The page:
We live in world suffused with offended religious sentiments: depictions of Muhammad in newspaper cartoons and hackneyed films spark violent global protests; courthouse officials in the US South refuse to issue same-sex marriage licenses in defiance of the Supreme Court; and in India, authors threatened by thugs on the Hindu Right “die” publicly in order to avoid a less metaphorical demise.
The contemporary world features more than twenty thousand international NGOs in almost every field of human activity, including humanitarian assistance, environmental protection, human rights promotion, and technical standardization, amongst numerous other issues
Hillary Clinton says she wants to get big money out of elections, and one of the ways she wants to do it is to curb the influence of big donors by mobilizing lots of small ones. This reform idea has become very popular recently, thanks to the concern about super PACs and billionaires that has been growing since Citizens United. But the idea is an old one. The first serious small-donor programs began more than 100 years ago, and they have been working more or less continually ever since.
As the political season in the United States heats up, it has become controversial in certain circles to say “Black Lives Matter.” A few (perhaps even many) object because they don’t believe that black lives matter equally. Most, however, it seems to me, are responding out of fundamental misunderstandings of what “Black Lives Matter” means in the USA in 2016. (I will set aside crude partisanship as an explanation that, to the extent that it is true, does not require further comment.)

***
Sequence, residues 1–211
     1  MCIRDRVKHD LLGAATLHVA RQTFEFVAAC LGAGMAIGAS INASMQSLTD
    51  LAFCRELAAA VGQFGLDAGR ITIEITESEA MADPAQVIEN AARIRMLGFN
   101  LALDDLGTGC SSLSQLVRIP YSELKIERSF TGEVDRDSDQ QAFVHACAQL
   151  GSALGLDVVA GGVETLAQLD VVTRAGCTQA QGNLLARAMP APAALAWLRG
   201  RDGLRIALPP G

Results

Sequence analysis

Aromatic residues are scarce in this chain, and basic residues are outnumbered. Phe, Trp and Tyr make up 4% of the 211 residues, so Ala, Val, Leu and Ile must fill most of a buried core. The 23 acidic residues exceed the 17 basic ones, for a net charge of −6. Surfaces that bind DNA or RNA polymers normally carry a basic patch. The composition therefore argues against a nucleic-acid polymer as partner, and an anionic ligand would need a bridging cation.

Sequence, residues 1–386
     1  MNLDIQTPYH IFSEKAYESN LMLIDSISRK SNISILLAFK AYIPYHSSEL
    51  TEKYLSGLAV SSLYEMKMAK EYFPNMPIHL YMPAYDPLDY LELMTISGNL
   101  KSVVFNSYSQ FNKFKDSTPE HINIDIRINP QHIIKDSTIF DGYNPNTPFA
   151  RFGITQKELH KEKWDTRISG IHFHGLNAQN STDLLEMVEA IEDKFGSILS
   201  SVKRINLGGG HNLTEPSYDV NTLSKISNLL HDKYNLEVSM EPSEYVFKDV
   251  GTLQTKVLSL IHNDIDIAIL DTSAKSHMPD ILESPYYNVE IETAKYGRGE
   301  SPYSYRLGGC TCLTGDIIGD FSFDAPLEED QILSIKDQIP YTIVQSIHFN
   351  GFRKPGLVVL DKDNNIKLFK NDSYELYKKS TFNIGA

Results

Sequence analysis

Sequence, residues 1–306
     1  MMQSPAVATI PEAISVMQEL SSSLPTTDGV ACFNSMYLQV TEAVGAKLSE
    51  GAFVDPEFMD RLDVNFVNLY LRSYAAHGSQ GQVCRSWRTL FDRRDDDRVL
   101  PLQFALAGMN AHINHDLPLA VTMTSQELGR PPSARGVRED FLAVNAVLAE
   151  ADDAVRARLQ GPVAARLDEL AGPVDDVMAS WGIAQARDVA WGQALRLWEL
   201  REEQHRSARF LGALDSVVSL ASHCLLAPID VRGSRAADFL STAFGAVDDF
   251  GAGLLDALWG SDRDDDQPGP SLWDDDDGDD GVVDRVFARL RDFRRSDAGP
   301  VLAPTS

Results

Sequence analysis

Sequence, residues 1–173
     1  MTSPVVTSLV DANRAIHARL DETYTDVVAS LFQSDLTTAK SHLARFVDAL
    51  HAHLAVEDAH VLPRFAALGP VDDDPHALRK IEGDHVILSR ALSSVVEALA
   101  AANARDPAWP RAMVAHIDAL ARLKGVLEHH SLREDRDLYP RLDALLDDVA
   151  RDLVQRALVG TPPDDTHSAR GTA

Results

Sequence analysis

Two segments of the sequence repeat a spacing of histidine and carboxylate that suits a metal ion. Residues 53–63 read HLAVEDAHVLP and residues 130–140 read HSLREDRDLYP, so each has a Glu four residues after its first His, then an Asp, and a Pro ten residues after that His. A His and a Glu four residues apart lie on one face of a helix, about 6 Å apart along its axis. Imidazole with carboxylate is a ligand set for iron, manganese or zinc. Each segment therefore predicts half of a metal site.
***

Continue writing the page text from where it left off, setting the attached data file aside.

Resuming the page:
In an effort to address current discussions regarding Africa-based scholars in academic publishing, the editors of African Affairs reached out to Celia Nyamweru for input from her personal experiences. Celia Nyamweru spent 18 years teaching at Kenyatta University (KU) and another 18 years teaching at a US university with a strong undergraduate focus on Africa.
At the turn of the seventeenth and eighteenth centuries, national states were on the rise. Versailles was constructed as a stage on which the Sun King, Louis XIV, acted out the pageant of absolute sovereignty while his armies annexed neighbouring territories for the greater glory of France. At the death of Charles II of Spain in November 1700, the Spanish throne and its extensive possessions in Italy, the Low Countries and the New World passed to his grandson, Philip, Duke of Anjou.